1969 Chris Craft Roamer 46 Refit: Cummins Engine Install — Spacers

Having finally discovered that the mounts that came with my Cummins engines would not work on the Roamer without modification, I took them to a local machine shop and had some work done. Meanwhile, back in February 2014, I had a fancy schmancy idea for engine beds. Unfortunately, that idea was based on a few assumptions that turned out to be wrong–like, thinking the engine mounts were symmetrical…silly me. Even more unfortunate is that I went ahead and bought a 25′ stick of 3/8″ angle and 1/4″ plate in 6061 aluminum and cut and welded my creation together…proving once again that a fool and his money are soon parted. But on the principle of making lemonade when life hands you lemons, I’m re-purposing the fancy engine beds as spacers between the vibration isolators and engine stringers.

Back from the machine shop, with a longer slot

Back from the machine shop, with a longer slot

My uber-precise engine centering gauge

My uber-precise engine centering gauge

When I first attempted to install the engines, I used a piece of tape between the stringers with a mark at the mid-point. Every time the engine touched the tape, it ripped (surprise!). The tape ended up stretching, too, so it was pretty useless as a center indicator.  So now, I use a piece of aluminum angle with a mark indicating the halfway point between the outside edges of the stringers. I put a square on the angle, line it up with the mark, and then move the front of the engine until the square is centered in the middle of the damper pulley.

The mark at the mid-point between the stringers

The mark at the mid-point between the stringers

The middle of the damper pulley

The middle of the damper pulley

With the new slot cut, the vibration isolator lands on the stringer

With the new slot cut, the vibration isolator looks like it will land on the stringer

ShopSmith table saw quickly cuts up expensive engine beds into useful pieces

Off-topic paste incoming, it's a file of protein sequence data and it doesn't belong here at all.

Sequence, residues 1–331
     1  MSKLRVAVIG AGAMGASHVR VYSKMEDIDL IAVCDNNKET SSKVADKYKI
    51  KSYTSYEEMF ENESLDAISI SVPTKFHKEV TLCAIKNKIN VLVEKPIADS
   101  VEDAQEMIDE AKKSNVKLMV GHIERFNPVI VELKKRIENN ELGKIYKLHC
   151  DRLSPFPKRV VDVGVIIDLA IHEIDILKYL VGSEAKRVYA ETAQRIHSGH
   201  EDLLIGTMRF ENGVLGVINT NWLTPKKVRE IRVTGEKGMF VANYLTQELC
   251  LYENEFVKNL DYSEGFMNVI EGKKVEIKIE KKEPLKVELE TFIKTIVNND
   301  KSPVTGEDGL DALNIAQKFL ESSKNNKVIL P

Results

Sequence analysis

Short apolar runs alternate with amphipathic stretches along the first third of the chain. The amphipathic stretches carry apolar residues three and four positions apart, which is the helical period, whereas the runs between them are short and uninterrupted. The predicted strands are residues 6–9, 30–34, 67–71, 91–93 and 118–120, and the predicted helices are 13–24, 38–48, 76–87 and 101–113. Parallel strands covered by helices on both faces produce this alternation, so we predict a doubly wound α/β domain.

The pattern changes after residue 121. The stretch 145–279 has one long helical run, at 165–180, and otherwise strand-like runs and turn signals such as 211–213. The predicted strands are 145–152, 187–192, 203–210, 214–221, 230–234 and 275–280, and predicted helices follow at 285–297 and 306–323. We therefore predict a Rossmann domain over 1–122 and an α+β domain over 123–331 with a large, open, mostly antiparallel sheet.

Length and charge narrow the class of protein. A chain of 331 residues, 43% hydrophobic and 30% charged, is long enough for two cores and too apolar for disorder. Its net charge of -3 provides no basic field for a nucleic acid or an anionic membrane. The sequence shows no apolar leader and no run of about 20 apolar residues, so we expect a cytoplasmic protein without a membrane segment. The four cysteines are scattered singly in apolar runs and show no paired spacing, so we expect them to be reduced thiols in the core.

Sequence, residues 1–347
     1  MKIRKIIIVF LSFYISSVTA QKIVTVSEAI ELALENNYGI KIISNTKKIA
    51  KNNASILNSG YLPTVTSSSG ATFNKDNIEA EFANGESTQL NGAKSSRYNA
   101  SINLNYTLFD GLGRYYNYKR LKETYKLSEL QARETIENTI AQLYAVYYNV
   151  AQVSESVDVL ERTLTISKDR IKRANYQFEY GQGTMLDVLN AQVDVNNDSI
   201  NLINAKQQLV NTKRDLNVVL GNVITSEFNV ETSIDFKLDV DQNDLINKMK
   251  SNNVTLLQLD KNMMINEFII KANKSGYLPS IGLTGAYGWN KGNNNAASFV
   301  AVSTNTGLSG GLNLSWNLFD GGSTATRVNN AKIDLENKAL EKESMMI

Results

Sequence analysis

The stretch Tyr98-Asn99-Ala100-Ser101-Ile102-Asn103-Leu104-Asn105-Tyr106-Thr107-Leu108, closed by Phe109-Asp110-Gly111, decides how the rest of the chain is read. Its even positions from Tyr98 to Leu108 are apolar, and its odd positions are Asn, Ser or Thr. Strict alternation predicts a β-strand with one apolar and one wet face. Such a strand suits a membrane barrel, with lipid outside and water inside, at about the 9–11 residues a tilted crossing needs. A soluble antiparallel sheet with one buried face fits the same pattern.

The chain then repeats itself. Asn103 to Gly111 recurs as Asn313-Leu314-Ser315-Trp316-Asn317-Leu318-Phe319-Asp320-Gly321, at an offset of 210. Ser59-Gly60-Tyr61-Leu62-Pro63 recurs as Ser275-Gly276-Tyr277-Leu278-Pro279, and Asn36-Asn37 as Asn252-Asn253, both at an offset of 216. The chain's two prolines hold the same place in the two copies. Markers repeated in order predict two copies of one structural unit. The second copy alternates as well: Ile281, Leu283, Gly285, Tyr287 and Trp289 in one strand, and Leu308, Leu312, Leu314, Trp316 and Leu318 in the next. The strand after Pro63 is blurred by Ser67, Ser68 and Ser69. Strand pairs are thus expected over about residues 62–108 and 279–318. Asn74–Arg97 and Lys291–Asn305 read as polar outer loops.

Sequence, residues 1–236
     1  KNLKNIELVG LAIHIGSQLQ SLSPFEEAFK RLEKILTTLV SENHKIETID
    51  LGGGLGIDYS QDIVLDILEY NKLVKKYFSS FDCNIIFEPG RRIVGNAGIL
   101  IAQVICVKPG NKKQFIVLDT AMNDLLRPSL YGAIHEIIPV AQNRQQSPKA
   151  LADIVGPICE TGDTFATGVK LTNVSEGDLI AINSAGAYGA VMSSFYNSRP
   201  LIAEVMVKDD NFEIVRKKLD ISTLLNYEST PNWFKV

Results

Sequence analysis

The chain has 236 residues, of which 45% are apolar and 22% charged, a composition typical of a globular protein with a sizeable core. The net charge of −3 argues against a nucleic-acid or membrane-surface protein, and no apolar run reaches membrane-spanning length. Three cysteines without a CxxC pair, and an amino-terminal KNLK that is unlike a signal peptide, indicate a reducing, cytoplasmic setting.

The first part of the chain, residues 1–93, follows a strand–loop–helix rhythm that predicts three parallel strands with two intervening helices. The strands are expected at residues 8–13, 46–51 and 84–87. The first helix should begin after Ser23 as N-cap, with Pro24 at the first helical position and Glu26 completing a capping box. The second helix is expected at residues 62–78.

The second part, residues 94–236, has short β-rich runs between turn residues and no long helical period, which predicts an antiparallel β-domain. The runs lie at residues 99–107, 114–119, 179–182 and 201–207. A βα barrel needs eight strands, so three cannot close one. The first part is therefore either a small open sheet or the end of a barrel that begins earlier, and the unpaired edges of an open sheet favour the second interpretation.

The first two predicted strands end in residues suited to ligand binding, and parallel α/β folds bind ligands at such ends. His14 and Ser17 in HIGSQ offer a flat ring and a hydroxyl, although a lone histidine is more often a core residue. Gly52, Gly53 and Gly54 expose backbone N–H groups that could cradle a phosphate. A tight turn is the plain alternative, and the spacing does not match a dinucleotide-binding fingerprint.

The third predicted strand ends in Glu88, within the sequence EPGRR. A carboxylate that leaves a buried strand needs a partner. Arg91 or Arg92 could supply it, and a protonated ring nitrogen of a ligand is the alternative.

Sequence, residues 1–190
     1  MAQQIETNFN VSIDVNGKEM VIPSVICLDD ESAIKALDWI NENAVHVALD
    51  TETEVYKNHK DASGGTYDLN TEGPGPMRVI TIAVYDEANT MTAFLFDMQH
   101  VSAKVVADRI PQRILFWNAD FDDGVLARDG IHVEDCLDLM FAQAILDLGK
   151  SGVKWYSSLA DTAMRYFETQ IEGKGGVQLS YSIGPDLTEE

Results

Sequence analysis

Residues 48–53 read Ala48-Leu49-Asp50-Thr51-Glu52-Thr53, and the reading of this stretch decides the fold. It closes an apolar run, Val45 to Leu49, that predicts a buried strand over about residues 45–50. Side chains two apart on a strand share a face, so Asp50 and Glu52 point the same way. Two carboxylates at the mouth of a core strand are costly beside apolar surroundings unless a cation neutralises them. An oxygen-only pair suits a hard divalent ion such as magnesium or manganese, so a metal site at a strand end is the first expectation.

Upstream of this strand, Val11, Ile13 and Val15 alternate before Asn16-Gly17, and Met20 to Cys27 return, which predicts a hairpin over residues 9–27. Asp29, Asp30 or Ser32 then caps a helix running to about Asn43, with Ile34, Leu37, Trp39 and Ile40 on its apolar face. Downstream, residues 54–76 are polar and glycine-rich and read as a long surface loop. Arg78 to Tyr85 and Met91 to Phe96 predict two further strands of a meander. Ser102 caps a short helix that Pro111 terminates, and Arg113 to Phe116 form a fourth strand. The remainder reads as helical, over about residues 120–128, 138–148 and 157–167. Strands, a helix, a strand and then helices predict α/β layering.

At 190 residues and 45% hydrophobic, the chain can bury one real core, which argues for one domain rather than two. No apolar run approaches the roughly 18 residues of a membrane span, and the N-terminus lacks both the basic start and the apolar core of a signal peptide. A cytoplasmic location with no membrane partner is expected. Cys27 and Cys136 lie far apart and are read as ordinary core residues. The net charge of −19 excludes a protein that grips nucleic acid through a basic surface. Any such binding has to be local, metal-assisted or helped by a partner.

ShopSmith saw quickly cuts up expensive engine beds into useful pieces

Cutting expensive 3/8" angle to make plate

Cutting expensive 3/8″ angle to make plate spacers

On the upside, I'll have lots of aluminum to practice welding on...

On the upside, I’ll have lots of left over aluminum to practice welding on…maybe make a shelf or two

Starting to look like a spacer

Starting to look like a spacer

Putting an angle on the ends

Putting an angle on the ends

I need to keep the plate out of the radius

I need to keep the plate out of the radius, or a gap forms between the plate and the angle

That ought to do it

3/8" angle + 3/8" plate = 3/4" spacer

3/8″ angle + 3/8″ plate = 3/4″ spacer at the front

Reconfigured rear engine mount + 3/8" angle + 3/8" plate (x3) = 1-1/2" spacer

Reconfigured rear engine mount + 3/8″ angle + 3/8″ plate (x3) = 1-1/2″ spacer

From the beginning, I wrongly assumed that the mounts that came with these engines had the slots at the same elevation. It turns out that was completely wrong–the front mounts are lower. Having never done this sort of thing before, I’m pretty much guessing how many spacers I need. After putting in 3/4″ spacers at the front and 1-/1/2″ at the back, I still had at least an 1/8″ gap at the bottom of the couplers. So I removed the spacers at the front and started dropping the vibration isolator bolts lower and lower to close the gap.